Srinath Raghavan is a nonresident senior fellow at Carnegie India. He is also a professor of International Relations and History at Ashoka University. His primary research focus is on the contemporary and historical aspects of India’s foreign and security policies.
He has written a number of books spanning international relations, strategic studies and modern South Asian history. He has authored War and Peace in Modern India: A Strategic History of the Nehru Years (2010), and 1971: A Global History of the Creation of Bangladesh (2013), and co-authored Non-Alignment 2.0: A Foreign and Strategic Policy for India in the 21st Century (2013), India’s War: The Making of Modern South Asia, 1939 – 45 (2016), and, most recently, The Most Dangerous Place: A History of the United States in South Asia (2018).
In addition to writing several notable books, he has also edited Imperialists, Nationalists, Democrats: The Collected Essays of Sarvepalli Gopal (2013) and co-edited (with David Malone and C. Raja Mohan) The Oxford Handbook of Indian Foreign Policy (2015).
His work has also been published in scholarly journals, such as Journal of Strategic Studies, Asian Affairs, and India Review among other academic and policy-focused journals. He is a regular commentator in the media, and currently writes for The Print. His work has appeared in leading Indian publications.
He was awarded the K. Subrahmanyam Prize for his outstanding contribution to strategic studies in 2011 and the prestigious Infosys Prize (Social Sciences) in 2015.
Previously, he was a senior fellow at the Center for Policy Research in New Delhi. He was also a senior research fellow at the India Institute at King’s College London and has taught at Defense Studies Department at King’s College London. He has been a member of the National Security Advisory Board. He was the chief editor of the Kargil War History for the Indian Ministry of Defense. Prior to entering academia, he spent six years as an infantry officer in the Indian army.
This article examines whether the concept of a security dilemma is useful in understanding the trajectory of India-China relations over the past seven decades. It claims that the relationship is characterized not by a security dilemma, but by fundamental conflicts of interests.
This book aims to provide a definitive history of U.S. involvement in South Asia. It presents an account of U.S.A.’s political, strategic, economic, and cultural, presence in the region. By illuminating the patterns of the past, this sweeping history also throws light on the challenges of the future.
This article explains why the defense establishment managed to deliver on a Naval project, but not on those of the Army and the Air Force. It analyzes three inter-related issues: institutional capacity within the services, innovation strategy, and project management structures and accountability.
India’s War argues that World War II is crucial to explaining how and why colonial rule ended in South Asia. The book shows how India’s economy, politics, and people, were forever transformed, laying the groundwork for the emergence of modern South Asia.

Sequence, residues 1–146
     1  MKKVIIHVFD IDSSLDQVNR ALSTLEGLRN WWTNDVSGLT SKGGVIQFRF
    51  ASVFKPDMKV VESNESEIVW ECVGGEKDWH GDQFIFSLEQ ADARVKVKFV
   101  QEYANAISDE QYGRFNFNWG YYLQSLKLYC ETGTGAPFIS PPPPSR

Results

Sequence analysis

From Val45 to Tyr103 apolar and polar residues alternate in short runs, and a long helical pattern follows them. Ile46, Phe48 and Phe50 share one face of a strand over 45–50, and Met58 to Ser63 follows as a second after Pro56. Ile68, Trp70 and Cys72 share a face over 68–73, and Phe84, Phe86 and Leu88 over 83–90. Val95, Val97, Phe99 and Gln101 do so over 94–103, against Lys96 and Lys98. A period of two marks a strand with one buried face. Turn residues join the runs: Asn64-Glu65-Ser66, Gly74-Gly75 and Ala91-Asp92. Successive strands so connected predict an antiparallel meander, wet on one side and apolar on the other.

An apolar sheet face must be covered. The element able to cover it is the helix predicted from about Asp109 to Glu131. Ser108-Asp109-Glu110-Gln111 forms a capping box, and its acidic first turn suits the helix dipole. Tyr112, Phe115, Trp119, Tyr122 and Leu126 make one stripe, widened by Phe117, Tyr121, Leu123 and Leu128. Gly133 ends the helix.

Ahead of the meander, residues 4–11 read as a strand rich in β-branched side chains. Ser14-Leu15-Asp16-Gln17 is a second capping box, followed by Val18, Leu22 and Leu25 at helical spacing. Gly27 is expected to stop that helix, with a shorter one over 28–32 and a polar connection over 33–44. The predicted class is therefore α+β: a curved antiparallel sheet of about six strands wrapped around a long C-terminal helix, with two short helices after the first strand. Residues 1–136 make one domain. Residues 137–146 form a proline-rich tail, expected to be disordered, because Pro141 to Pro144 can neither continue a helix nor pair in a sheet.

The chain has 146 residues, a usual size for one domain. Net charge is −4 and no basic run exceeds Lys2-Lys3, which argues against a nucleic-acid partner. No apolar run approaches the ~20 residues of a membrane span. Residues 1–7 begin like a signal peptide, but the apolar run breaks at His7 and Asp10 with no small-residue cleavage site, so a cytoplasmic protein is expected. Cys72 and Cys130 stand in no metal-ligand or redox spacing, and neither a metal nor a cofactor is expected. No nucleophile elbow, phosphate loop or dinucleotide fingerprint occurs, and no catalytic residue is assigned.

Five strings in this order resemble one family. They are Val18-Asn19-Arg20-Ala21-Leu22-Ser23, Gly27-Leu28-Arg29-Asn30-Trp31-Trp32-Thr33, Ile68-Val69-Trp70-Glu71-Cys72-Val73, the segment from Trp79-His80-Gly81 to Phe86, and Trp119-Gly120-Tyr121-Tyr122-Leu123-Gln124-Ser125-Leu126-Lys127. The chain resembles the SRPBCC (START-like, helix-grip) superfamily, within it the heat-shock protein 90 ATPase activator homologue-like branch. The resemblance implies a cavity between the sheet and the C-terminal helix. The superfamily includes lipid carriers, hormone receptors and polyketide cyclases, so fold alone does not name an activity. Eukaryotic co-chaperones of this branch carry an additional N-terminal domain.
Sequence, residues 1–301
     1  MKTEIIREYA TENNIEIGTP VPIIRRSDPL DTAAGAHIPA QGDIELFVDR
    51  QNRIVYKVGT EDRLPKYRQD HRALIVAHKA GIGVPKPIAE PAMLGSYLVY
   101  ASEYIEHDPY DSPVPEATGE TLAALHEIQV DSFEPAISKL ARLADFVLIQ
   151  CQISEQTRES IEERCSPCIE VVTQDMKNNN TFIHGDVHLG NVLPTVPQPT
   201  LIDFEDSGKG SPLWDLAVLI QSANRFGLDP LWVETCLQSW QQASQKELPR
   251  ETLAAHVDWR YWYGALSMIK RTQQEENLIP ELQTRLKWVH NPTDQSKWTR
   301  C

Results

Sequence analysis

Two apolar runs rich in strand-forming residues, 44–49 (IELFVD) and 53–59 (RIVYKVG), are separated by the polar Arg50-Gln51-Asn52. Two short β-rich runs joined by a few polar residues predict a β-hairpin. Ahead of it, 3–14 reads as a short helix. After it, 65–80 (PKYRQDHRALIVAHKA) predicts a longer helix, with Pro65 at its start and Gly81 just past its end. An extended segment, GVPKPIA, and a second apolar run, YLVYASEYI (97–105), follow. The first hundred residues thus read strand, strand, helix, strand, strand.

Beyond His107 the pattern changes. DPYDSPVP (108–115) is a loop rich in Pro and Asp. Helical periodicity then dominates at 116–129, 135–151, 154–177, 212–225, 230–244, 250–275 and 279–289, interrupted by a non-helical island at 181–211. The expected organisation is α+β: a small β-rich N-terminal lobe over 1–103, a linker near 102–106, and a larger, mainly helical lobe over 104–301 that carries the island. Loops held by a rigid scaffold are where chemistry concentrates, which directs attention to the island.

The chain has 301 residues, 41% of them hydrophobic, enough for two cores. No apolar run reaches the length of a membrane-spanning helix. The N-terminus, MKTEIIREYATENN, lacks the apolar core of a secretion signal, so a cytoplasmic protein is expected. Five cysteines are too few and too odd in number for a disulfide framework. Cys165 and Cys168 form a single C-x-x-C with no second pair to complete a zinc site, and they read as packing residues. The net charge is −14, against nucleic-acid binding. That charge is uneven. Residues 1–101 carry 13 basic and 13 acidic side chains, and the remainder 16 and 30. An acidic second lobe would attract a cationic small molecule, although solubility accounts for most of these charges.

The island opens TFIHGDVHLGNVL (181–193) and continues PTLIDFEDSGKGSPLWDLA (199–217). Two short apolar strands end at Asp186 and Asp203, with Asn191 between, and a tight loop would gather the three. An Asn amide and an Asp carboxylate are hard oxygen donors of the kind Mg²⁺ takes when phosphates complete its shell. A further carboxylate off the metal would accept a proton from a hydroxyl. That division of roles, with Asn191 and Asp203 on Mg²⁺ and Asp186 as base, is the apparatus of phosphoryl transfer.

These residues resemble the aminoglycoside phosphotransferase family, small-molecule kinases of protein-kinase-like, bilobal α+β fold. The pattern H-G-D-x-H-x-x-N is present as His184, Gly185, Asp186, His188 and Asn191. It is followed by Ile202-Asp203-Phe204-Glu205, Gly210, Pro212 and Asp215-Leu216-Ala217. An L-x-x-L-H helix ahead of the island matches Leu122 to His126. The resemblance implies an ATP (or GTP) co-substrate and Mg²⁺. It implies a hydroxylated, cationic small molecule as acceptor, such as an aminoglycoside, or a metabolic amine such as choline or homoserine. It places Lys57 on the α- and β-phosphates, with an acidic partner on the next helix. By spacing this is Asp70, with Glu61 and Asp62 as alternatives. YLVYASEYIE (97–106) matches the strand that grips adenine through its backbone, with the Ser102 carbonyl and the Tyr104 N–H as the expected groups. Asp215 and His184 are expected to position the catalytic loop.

This book provides an extensive survey of India’s external relations. The book addresses factors in Indian foreign policy, flowing from both history and geography, and also discusses key relationships, issues, and multilateral forums, through which the country’s international relations are refracted.
This book, co-authored with some of India’s leading thinkers and analysts, looks at the threats and challenges India is likely to confront, and the approach it should adopt to pursue national goals and assume its rightful place in the world.
The book argues that the breakup of Pakistan and the emergence of Bangladesh can be understood only in the wider international context of the period: decolonization, the Cold War, and incipient globalization. The creation of Bangladesh was far from being a predestined event.
This article looks at how institutional autonomy and assertiveness of the military has progressively increased since 1947. Arguing against conventional wisdom, it contends that the prevailing patterns of civil-military relations have already proved problematic in some key areas of security policy.
By looking at Nehru’s handling of disputes over the fate of Kashmir in 1947-48, the refugee crisis in East and West Bengal in 1950, the Kashmir crisis in 1951, and the boundary dispute with China 1949-62, this book studies Indian foreign policy under Nehru.
This article examines the use of strategic coercion by India. It does so by focusing on India’s use of coercion during the crisis with Pakistan in 2001-02. The article argues that prevalent theses that purport to explain the outcome of coercion don’t provide a satisfactory account of this crisis.
This article argues that the conventional reading of the China crisis of 1962 is, at best, misleading and, at worst, erroneous. Further, it contends that the subsequent war with Pakistan actually underscores the problem of civilian non-involvement in operational issues.